Ringing in the new (school) year


By Anne Marie Amacher
The Catholic Messenger

DAVENPORT — A new tradition rang in the academic year at St. Ambrose University. The bell in the historic Ambrose Hall was rung as students walked into the Rogalski Center ballroom for the convocation and blessing Aug. 20.

Anne Marie Amacher
Bishop Thomas Zinkula sprinkles holy water on new students at St. Ambrose University in Davenport during a convocation Aug. 20.

Paul Koch, provost and vice president for academic and student affairs, told the students that Ambrose Hall’s refurbished bell is now part of a new school tradition. It first rang after completion of the $5.65 million hall renovation in 2014.

“At the heart of every great university are its students, and we welcome you with enthusiasm as our newest community members,” Koch said.


“St. Ambrose University is a community of people committed to academic excellence, the liberal arts, social justice and service; and, as a diocesan, Catholic university, we are here to help you in every way that we can. It is my hope that over the next four years you will take part in the many learning opportunities that St. Ambrose has to offer you, both inside and outside of the classroom.”

Father Thom Hennen, the university’s chaplain, gave the invocation. Kathy Andresen, associate professor of nursing, gave the anchoring address. Later, Bishop Thomas Zinkula gave a blessing, sprinkling holy water on the crowd.

“It’s a great day for the race. What race, you ask? The human race,” Andresen began her address. “When I was growing up, my dad would say this to me and my siblings often. It was something he would greet us cheerfully with in the morning as we were getting ready for the day.”

She said her dad didn’t have the opportunity to earn a four-year degree but “he instilled in us the value of hard work and pursuing our goals. Education was highly valued.” Andresen has completed numerous degrees in higher education but never lived in a dorm, shared a meal in the cafeteria or participated in extracurricular activities.

“Know that what I am about to share is from my own journey and one that has looked longingly from the other side to imagine what it could be like if my path had taken me this way.” Instead of heading off to college after high school graduation, “I was heading to the hospital on Aug. 25 to give birth to my first son.” For her friends who went to college, “Their experience with the human race was quite different than mine at that point.”

But Andresen discovered that every day provided a new opportunity to navigate through uncertainties. She shared with her audience life lesson number one: “greet each challenge as an opportunity to grow.”

Knowing that she needed sustainable employment skills to provide for her son, she enrolled part-time at the community college level to study health care. She encountered many obstacles — “mainly that my plan was not always congruent with the life blueprint that had been already established. Life lesson number two was evident: I could plan my life, but the best laid plans don’t always work out.”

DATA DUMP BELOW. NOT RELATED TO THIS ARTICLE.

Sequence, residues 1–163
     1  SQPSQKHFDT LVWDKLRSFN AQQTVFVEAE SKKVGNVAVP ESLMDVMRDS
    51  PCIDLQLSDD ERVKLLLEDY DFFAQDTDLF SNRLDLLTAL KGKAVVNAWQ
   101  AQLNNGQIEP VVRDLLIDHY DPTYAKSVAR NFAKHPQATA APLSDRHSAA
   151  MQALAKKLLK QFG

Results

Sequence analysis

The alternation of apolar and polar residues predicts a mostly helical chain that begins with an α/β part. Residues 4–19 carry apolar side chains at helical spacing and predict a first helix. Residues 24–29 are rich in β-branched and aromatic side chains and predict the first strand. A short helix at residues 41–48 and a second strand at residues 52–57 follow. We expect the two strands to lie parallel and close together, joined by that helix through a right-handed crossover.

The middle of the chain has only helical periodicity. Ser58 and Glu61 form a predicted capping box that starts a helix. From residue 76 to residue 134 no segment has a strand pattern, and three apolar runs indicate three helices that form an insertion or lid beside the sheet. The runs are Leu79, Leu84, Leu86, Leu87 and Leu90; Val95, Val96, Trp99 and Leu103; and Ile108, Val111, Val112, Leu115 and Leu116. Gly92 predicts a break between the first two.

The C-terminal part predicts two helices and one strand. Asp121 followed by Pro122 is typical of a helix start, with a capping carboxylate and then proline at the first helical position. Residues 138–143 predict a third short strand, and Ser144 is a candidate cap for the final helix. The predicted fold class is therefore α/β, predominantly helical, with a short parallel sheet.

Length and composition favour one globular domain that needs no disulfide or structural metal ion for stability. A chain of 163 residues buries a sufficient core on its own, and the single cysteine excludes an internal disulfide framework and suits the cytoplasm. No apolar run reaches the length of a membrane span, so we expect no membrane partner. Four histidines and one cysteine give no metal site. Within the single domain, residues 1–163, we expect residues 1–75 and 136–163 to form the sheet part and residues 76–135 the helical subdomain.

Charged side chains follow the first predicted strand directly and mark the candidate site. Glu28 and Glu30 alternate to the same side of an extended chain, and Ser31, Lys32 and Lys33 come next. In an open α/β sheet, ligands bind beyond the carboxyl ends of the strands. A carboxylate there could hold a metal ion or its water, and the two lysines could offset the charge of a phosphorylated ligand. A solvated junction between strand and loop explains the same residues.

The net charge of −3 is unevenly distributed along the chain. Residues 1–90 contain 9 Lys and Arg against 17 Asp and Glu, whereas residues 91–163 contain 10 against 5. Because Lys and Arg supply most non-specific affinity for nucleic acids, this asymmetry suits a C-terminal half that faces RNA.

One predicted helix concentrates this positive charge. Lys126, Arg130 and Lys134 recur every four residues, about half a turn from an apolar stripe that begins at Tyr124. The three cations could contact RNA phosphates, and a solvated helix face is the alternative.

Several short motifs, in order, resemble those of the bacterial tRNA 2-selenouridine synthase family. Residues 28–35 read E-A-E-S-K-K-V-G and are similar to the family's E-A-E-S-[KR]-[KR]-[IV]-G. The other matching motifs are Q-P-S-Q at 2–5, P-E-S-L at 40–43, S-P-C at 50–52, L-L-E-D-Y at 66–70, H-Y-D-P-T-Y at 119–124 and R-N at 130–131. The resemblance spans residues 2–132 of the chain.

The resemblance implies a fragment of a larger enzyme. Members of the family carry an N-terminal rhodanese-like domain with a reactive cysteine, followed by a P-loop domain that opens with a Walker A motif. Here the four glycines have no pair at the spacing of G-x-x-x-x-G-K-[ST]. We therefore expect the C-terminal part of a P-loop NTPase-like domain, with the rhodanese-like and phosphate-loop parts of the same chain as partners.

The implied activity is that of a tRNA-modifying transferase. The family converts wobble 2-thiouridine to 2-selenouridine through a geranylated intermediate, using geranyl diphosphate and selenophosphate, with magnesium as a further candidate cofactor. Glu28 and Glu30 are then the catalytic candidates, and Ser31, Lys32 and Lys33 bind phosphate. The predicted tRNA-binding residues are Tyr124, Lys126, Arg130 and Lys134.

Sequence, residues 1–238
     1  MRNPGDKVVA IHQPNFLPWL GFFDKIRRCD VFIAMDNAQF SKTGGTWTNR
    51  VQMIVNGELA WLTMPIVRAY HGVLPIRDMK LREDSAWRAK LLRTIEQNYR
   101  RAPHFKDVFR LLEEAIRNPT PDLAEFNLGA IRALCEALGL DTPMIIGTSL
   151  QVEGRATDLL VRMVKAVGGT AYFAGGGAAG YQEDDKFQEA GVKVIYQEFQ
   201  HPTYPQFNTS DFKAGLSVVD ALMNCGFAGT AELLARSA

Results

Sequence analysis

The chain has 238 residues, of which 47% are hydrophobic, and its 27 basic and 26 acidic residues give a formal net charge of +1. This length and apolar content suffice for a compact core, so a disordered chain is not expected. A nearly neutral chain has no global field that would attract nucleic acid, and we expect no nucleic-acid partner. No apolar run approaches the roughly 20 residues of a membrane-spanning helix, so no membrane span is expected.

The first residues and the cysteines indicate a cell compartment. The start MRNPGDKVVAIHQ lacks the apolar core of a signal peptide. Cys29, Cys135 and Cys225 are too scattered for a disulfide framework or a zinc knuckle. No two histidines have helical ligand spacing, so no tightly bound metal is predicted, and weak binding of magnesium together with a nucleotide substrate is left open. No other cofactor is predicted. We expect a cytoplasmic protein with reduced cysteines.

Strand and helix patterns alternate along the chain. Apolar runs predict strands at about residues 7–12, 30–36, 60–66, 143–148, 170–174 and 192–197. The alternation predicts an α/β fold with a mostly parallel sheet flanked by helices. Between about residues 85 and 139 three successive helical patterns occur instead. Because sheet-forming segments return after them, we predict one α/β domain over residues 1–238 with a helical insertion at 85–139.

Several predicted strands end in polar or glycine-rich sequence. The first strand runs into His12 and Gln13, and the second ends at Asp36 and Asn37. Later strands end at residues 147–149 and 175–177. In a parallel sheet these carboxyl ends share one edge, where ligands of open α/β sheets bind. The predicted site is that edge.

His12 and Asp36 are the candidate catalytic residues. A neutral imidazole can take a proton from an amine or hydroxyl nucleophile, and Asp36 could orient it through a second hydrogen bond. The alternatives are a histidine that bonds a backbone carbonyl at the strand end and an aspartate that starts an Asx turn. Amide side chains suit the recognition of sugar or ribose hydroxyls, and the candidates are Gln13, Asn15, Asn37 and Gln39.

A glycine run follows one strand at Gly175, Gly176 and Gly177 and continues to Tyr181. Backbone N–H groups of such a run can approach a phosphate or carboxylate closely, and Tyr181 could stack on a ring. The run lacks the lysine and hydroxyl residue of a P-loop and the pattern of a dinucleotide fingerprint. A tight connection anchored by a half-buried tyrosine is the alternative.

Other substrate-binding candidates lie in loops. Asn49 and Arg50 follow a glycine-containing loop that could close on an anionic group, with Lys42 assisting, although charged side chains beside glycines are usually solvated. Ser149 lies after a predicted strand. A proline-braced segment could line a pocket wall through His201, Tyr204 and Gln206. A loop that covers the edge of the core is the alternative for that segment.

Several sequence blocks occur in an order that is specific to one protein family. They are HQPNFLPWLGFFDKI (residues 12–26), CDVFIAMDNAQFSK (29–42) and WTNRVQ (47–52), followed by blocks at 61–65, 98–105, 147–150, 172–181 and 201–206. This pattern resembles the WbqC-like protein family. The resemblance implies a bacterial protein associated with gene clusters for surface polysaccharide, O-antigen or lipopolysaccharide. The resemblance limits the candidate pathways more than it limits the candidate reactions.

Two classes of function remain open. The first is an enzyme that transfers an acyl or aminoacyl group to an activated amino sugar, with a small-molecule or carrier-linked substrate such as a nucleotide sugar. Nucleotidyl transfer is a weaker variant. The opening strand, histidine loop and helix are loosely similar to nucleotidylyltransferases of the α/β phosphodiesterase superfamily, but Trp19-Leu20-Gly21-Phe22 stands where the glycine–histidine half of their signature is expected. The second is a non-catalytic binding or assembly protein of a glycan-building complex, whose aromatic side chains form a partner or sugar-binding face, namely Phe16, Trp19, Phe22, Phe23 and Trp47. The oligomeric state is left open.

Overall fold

At age 22 she was raising two children, following an unsuccessful first marriage, and working on her diploma program in nursing. She was in survival mode to support her children.

One evening, during a get-together with friends at the Village Inn near St. Ambrose, she ordered a glass of water while rummaging through her purse to try to find enough money to buy a cup of chili. A guy she barely knew asked what she was doing, and she told him. “When the server came to take my order, that same guy said, ‘I want to upgrade her to a bowl of chili.’ Life lesson number three: random acts of kindness changed my human race experience.”

That guy, Andy, has been Andresen’s husband for almost 30 years. He adopted her two sons and the couple had two daughters. “Together, we persevered through many challenges, most notably the death of our 20- year-old-son.” The family has experienced many joyful events as well.
Andy has been at her side as she completed her diploma in practical nursing and associate, bachelor, master and doctoral degrees in nursing. “I never planned any of this; it just worked out according to that master life blueprint.”

Her dad passed away in March 2001, surrounded by his 11 children. “When we gather together, it only takes one (family member) to start with ‘It’s a great day for the race’ before numerous voices chime in, collectively recalling this familiar childhood anecdote,” she said. Believing in oneself is the first step in the journey. But “having someone believe in my success when I struggle with uncertainty has been the greatest motivator for my life journey.”

Andresen has been teaching at St. Ambrose since 2009. “I never imagined that I would be part of such a community of learners and I am amazed at how each new academic season provides opportunities for growth.”

She told the new students that “this is truly an exciting time to launch your journey, whether you are a traditional on-campus, commuter, adult student and/or online learner. Learning is not limited to the classroom. The learning lab for life exists outside of the classroom and it is truly remarkable to see people evolve through their college experiences, wherever they may be.”

Andresen closed her talk with her cherished phrase: “Remember, ‘Every day is a great day for the race,’ Bees!”

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